Although I do think it is a waste of time to spend your trip abroad staring at a cellphone or other device, free wifi access is very helpful for booking future accommodations and transportation, as well as for researching destination information. And personally as a blogger, a wifi connection directly translates to my "travel fund" income, so long periods of time without access is unwise. However, it is nice to get completely "off-the-grid" occasionally as well, so I am mindful of when an internet connection is/is not worth considering when booking.
6. Cancellation/Change Policies
Hostels vary with their cancellation policies. I have often found that there is not a charge if you cancel at least 24 hours in advance, but any later results in paying the price for your first night of accommodation and sometimes an additional "change fee." It is of course different for each place. Backpacking tends to be a spontaneous type of travel, and so flexibility with accommodation is vital. There is a very good chance that you will connect well with another traveler you meet at the hostel and decide last-minute to completely change your plans in order that the two (or three, or ten...) of you might do some exploring together. Again, it might be best to book only your first night or two before arriving, and then decide how much longer you want to stay once you've checked out the area a bit.
I have found these six factors to be the most important for myself, but of course there are many other qualities to consider depending on your style. For example, how many people share a bathroom, whether or not there are hot showers, general cleanliness, whether female-only dorms are available (vs mixed dorms), laundry service, kitchen access, airport transportation, luggage storage, etc. In my experience, the longer I stay abroad, the more relaxed of a traveler I become. Hot showers become more of a luxury than an expectation, and sleeping in a room with 20 complete strangers becomes "normal." I have found backpacking to be an experience and a learning opportunity all on its own.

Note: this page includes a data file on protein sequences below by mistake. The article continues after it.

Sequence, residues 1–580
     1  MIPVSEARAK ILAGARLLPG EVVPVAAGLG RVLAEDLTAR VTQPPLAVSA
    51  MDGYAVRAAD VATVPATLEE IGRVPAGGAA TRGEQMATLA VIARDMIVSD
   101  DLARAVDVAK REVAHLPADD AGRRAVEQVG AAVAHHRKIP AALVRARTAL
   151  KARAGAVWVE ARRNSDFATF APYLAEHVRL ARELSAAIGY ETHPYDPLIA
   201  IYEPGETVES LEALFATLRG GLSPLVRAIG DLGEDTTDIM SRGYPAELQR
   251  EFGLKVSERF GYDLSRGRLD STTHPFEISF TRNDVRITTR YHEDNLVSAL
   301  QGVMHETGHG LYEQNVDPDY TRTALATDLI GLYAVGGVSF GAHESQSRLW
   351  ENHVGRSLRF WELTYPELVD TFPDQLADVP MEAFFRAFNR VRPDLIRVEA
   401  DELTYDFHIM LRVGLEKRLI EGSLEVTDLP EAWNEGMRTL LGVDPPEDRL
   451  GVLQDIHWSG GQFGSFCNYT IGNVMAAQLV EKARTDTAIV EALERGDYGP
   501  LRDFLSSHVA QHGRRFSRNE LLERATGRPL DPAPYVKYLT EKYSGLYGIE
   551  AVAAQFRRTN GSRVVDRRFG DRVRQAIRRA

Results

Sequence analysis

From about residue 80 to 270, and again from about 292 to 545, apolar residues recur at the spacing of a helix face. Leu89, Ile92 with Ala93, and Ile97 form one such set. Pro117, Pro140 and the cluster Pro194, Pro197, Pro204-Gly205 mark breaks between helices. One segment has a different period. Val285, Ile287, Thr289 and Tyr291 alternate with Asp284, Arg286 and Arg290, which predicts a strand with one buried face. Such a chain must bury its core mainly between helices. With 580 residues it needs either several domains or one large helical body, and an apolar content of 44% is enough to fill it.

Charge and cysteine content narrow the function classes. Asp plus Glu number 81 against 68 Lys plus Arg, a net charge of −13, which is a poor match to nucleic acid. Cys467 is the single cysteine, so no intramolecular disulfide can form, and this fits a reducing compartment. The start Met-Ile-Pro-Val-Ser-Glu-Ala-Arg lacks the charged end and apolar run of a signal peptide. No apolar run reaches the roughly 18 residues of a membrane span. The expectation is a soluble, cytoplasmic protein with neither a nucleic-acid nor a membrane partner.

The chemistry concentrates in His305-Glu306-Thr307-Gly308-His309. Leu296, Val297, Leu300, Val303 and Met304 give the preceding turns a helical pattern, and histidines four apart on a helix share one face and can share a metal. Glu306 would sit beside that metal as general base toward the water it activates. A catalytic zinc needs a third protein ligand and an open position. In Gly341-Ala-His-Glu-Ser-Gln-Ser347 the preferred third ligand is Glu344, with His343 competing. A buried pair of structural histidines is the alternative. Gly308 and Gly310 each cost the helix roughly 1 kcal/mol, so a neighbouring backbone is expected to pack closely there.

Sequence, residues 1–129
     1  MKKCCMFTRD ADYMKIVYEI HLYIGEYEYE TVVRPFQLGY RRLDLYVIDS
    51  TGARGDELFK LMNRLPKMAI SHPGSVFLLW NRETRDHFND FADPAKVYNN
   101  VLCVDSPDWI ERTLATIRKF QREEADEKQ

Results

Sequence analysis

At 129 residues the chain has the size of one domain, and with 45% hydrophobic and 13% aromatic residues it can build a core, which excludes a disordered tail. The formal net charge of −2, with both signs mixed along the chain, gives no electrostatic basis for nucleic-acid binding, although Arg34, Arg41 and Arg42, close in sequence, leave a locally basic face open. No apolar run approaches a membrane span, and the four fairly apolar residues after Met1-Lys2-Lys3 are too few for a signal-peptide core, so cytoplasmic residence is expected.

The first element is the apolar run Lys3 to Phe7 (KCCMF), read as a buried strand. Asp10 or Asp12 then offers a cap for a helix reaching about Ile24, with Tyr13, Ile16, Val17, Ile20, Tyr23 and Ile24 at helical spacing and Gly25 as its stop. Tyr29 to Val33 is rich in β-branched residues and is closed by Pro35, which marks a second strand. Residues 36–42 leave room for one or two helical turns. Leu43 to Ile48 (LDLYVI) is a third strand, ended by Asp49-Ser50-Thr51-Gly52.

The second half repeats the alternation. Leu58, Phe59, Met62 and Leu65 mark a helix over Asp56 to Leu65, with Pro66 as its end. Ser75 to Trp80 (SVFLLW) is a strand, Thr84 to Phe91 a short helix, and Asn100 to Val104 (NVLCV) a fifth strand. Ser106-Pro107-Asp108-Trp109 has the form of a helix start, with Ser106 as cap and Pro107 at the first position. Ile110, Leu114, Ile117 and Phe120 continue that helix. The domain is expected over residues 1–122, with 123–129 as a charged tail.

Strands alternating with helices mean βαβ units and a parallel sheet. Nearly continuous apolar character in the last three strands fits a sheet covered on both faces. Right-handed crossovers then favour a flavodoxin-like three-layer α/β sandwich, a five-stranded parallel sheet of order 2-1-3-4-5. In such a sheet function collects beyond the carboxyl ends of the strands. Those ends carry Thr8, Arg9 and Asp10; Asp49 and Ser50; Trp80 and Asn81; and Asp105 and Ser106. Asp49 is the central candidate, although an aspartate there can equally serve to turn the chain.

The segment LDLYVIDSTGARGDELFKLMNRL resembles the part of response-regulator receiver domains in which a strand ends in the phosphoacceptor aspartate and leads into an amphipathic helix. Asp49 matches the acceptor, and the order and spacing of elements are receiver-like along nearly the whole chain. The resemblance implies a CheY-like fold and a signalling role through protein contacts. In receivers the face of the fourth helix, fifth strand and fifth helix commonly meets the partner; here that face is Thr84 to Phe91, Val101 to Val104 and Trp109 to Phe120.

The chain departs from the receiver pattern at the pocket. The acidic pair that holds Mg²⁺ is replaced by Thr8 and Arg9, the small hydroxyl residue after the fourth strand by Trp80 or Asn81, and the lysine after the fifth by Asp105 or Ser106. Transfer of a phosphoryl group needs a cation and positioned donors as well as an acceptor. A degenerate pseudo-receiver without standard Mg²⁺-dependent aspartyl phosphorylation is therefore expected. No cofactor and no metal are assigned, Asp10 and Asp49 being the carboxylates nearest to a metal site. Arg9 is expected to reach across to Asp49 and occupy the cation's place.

What do you consider the most important factor? Share in the comments below.
In case you're in the area...
Here are a few of my favorite hostels that I have personally stayed at and recommend!
Barefoot Backpackers - Takaka, New Zealand
La Bohemia Hostal - Capurgana, Colombia
Hostal El Momento - Granada, Nicaragua
El Viajero Cartagena Hostel - Cartagena, Colombia
Ostello San Frediano - Lucca, Italy
* These are NOT affiliate links, just honest recommendations :)
I believe in God's grace through Jesus. I love to learn, in a variety of contexts - reading God's Word, interacting with people from diverse backgrounds around the world, and as a student of Linguistics and Foreign Languages at Western Washington University. Pages of My Passport is dedicated to sharing this journey of learning through written and visual content.